Renters using TikTok to learn identity, document fraud

Multifamily owners concerned about proliferation of application fraud

Renters Using TikTok to Learn Identity, Document Fraud
Camden Property Trust;s Ric Campo (Jesse H. Jones Graduate School of Business, Rice University, Getty)

The clock is ticking on tenants exploiting social media to scam apartment owners.

Apps such as TikTok are proving instructive for renters committing identity and document fraud, Bisnow reported. Fraudulent housing applications are starting to impact the bottom line of major multifamily landlords.

Fraudsters are learning tactics on TikTok and other social platforms, where videos are posted that essentially demonstrate how to commit document and identity fraud. They take the lessons to typically seek approval for units — which require proof of identity — move in and then neglect to pay rent. When landlords try to evict them, they disappear into the night as cases crawl through the courts.

“Our members would say there’s a cottage industry here of people learning about these kinds of tactics and learning about these kinds of fraud,” said Paula Cino, a vice president of the National Multifamily Housing Council. Pages on TikTok, X, Reddit and beyond are causing problems.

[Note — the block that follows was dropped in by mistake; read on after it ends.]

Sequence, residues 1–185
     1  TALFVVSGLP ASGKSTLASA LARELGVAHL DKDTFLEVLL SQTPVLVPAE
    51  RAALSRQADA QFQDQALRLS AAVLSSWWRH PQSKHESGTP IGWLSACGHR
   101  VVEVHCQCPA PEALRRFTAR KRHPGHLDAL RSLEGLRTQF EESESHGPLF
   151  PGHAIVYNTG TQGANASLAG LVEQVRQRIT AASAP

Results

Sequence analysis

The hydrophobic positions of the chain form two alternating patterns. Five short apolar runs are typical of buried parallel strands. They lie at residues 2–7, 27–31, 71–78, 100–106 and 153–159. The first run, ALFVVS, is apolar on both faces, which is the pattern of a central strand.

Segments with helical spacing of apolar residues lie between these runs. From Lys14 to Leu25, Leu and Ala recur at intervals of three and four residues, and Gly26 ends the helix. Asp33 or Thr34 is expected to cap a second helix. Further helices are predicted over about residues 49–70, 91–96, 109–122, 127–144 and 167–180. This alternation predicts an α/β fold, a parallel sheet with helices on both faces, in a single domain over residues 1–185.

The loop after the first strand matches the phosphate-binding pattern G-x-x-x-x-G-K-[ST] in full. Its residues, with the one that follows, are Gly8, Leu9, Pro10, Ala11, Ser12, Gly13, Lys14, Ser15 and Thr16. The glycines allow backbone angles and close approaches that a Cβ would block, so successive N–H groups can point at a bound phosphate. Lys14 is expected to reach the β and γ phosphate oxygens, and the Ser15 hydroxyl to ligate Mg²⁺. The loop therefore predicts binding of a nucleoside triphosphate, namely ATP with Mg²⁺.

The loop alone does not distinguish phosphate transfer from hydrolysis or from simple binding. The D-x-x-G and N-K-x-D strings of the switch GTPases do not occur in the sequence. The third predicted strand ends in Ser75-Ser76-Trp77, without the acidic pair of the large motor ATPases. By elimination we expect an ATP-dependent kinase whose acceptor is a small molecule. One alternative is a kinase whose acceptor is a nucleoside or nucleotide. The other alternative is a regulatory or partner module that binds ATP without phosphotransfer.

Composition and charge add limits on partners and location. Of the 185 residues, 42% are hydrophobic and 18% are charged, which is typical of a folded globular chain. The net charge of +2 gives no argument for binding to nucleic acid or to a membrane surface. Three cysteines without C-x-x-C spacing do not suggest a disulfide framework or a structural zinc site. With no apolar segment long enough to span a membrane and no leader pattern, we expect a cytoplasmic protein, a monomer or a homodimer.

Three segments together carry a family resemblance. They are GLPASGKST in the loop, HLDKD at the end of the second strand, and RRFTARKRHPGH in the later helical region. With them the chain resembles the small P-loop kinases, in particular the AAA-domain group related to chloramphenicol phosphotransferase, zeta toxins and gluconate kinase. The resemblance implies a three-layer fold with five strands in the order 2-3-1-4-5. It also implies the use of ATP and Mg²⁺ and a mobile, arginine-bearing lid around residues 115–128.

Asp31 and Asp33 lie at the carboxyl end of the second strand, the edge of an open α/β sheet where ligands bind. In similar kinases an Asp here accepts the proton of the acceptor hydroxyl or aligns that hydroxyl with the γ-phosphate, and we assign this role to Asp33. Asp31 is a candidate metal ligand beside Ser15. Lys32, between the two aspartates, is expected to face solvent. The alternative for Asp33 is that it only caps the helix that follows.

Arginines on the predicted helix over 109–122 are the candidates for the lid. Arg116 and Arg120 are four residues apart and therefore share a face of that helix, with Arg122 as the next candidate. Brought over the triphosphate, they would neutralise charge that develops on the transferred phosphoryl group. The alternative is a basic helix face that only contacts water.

Landlords have expressed disappointment with the response from law enforcement as a rise in leasing through online platforms has helped boost online real estate fraud.

Internet-based real estate crimes soared from $213 million in 2020 to $397 million last year, according to the FBI.

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Ric Campo, chief executive officer of Camden Property Trust, was the victim of identity fraud over the summer as someone tried to rent a unit from a competitor in Charlotte, wrecking Campo’s credit score. Campo referenced renter fraud frequency during a recent earnings call, as did the CEO of Mid-America Apartment Communities, who singled out the Atlanta market as a place of concern. Other places where the fraud is more common include Houston, Los Angeles and Dallas.

The chief administrative officer for American Landmark Apartments said last year that 40 percent of the applications the company received monthly are fraudulent. A survey from Snappt last year found fraud in the application process as reported by landlords increased from 66 percent pre-pandemic to 85 percent.

Campo acknowledged the difficulty of pursuing these fraudsters.

“How do you pursue criminal fraud against somebody when you have no idea who they are?” Campo asked.

TikTok bans attempts to defraud or scam users on the platform, but makes exceptions for content deemed to be educational, documentary or counterspeech.

Holden Walter-Warner

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